International research & earned media campaign

World Emoji Day

Slack and Duolingo commissioned a OnePoll study to explore emoji communication around the world and how the emoji has evolved in the workplace. We polled 9,400 hybrid workers across 11 different countries.

The international study highlighted how embedded emojis are in everyday communication and revealed fascinating insights into how they’re used and interpreted in different countries.

The survey findings formed the basis of a data-driven news story, written and distributed by our news generation partner 72Point Inc.

Illustration with a smiley emoji with the title
Illustration, part of an infographic summarizing key stats from an international study for Slack and Duolingo


International panelists


Pieces of coverage


Online coverage views


Links from coverage

Research insights and key findings

Different interpretations of emoji meanings

The survey respondents answered questions about their emoji use and were also shown different emoji to determine what meaning they were most likely to associate with them.

The research revealed Americans are more likely to find emoji-less texts or messages to be lacking, compared to global respondents (71% vs. 57%).

And even though Americans are especially pro-emoji, not everyone agrees on their meanings or how to use them.

A quarter of Americans are confused about the distinction between the “loudly crying (😭)” emoji and “face with tears of joy (😂).” When shown the “loudly crying” emoji, 25% said they use it to show “I’m crying tears of joy” — the same number as those who selected “sobbing/upset crying.”

38% of American respondents said the skull emoji (💀) represents death, but a similar number (34%) said they use it to show that something is so funny, they’re “dead.”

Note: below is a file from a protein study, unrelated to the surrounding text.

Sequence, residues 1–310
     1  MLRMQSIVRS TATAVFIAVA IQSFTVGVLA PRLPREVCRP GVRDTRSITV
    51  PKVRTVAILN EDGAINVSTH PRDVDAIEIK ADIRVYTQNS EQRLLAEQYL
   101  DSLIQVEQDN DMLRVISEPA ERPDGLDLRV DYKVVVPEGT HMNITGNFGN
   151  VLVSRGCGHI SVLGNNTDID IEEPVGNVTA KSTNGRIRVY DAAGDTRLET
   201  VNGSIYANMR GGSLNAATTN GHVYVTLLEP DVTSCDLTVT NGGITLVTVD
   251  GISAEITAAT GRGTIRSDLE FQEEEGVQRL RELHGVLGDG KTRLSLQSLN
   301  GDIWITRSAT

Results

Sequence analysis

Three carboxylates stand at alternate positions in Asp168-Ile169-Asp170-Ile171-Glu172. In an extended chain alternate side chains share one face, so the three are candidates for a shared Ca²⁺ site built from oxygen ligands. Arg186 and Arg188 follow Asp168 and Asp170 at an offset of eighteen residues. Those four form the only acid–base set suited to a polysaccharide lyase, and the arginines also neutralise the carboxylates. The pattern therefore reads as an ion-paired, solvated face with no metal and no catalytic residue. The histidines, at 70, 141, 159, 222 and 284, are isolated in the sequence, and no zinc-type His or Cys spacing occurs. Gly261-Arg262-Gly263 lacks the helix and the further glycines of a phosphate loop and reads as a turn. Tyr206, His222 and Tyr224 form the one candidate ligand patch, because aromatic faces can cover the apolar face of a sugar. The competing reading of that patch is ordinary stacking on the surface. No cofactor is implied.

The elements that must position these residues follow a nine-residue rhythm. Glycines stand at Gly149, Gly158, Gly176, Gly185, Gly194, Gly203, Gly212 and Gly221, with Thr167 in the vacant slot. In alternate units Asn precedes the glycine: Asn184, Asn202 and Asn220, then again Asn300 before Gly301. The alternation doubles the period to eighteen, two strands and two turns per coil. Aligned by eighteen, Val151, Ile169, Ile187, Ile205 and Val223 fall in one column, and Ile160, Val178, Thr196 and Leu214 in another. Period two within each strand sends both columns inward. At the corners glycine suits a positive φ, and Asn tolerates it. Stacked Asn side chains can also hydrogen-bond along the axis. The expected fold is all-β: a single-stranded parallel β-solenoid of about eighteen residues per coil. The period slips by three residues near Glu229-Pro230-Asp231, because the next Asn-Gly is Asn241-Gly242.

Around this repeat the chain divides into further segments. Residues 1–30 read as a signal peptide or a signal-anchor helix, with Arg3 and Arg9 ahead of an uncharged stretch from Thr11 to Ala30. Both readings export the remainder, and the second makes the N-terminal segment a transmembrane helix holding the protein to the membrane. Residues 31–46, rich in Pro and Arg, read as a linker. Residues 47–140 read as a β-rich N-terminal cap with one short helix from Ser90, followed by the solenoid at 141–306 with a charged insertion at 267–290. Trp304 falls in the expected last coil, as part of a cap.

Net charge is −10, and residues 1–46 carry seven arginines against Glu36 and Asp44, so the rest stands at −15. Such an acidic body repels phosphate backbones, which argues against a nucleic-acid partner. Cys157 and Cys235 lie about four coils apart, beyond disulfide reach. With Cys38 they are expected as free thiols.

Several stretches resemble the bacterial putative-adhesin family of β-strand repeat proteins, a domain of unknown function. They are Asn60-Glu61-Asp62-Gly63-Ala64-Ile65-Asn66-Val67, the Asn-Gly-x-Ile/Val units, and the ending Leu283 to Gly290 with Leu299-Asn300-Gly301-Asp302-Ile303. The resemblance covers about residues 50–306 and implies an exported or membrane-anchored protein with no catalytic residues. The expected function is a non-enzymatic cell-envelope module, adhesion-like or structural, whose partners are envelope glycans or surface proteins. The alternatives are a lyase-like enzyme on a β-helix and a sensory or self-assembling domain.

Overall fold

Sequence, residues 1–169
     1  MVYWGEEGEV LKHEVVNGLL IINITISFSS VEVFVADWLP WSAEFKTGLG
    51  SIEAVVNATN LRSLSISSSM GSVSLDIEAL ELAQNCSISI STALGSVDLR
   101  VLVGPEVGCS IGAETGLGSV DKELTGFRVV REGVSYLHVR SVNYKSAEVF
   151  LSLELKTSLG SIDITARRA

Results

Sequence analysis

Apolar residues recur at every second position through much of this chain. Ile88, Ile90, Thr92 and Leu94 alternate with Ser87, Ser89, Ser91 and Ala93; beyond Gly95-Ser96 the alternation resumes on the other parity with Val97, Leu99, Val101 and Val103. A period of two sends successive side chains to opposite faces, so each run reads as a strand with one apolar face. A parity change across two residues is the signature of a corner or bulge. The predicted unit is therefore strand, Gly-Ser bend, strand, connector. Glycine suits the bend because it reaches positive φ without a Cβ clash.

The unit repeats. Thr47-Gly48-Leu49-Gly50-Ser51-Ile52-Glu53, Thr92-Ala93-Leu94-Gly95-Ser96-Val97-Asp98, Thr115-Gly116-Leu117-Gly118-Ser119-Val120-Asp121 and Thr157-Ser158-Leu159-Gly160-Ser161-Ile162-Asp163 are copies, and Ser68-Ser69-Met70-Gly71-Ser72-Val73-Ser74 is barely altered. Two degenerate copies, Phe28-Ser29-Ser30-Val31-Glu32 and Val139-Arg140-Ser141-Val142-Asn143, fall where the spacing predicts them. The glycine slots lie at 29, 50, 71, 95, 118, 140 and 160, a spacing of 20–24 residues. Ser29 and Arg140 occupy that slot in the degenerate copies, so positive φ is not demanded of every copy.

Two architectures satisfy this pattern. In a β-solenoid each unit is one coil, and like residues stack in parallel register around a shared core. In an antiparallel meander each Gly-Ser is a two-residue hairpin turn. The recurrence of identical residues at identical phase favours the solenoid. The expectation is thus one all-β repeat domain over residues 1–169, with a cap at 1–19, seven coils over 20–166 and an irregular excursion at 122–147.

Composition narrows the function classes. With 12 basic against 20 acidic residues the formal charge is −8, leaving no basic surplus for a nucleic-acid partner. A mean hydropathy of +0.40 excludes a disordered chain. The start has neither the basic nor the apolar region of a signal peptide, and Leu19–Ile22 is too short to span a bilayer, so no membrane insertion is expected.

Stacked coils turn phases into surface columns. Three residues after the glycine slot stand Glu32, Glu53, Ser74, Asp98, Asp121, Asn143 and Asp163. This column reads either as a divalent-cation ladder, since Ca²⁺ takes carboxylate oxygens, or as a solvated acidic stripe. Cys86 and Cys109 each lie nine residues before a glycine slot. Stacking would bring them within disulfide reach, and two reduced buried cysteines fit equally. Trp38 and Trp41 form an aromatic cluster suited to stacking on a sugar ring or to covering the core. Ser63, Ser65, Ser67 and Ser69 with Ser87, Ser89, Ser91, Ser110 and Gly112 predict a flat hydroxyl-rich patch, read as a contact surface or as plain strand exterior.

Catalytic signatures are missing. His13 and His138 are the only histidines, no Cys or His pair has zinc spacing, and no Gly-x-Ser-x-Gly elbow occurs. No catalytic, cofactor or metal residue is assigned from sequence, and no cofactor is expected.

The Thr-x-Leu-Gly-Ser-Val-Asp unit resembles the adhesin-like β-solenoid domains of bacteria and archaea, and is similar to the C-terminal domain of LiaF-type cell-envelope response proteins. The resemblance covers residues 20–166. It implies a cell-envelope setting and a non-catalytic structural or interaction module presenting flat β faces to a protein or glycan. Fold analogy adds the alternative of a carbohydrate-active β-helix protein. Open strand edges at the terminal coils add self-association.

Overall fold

And the eggplant emoji (🍆)? A fifth of U.S. respondents said the eggplant is nothing more than a literal representation of the fruit. That said, 34% of Americans surveyed did say they use the eggplant to show they’re “feeling flirty,” and 14% admit they’ve confused the meaning of that particular emoji.


Does emoji meaning differ from country to country?

The international study looked at how emoji usage and meaning can vary across different countries, and at emoji use in the workplace.

For global companies, results showed that emoji may be an easy source of miscommunication — as the meanings can differ greatly depending on where someone is from.

When shown “face throwing a kiss (😘), U.S. respondents were slightly more likely to use it in a romantic way than in a platonic way (34% vs. 26%) — as were Indian respondents (52% vs. 27%), Japan was the opposite: three in 10 Japanese respondents use the kissy face in a platonic sense, compared to 16% who use it romantically.

Do emoji belong in the workplace? The survey showed there’s still a wide range of benefits:

58% of global employees surveyed said using emoji at work allows them to communicate more nuance with fewer words, and 55% said emoji use can speed up workplace communication.

Notably, this was higher in the U.S. — 69% of American respondents said emoji allowed them to communicate in a more nuanced way, while 67% said it sped up communication.

“It’s clear from the results that people are using emoji like any other system of communication: meaning can be subtle, and they’re used differently in various settings,” said Dr. Hope Wilson, Learning and Curriculum Manager at Duolingo.

“Emoji let people convey a broad range of emotions efficiently, and in a way that words sometimes can’t, said Olivia Grace, Senior Director of Product Management at Slack.

Data-driven headlines

Take a look at some of the earned media coverage for the 'World Emoji Day' campaign

Photo credit: header image by Domingo Alvarez E 

OnePoll polled 9,400 hybrid & remote workers across 11 countries on behalf of Slack and Duolingo in partnership for World Emoji Day. The international research was conducted between June 15th and 27th 2022.

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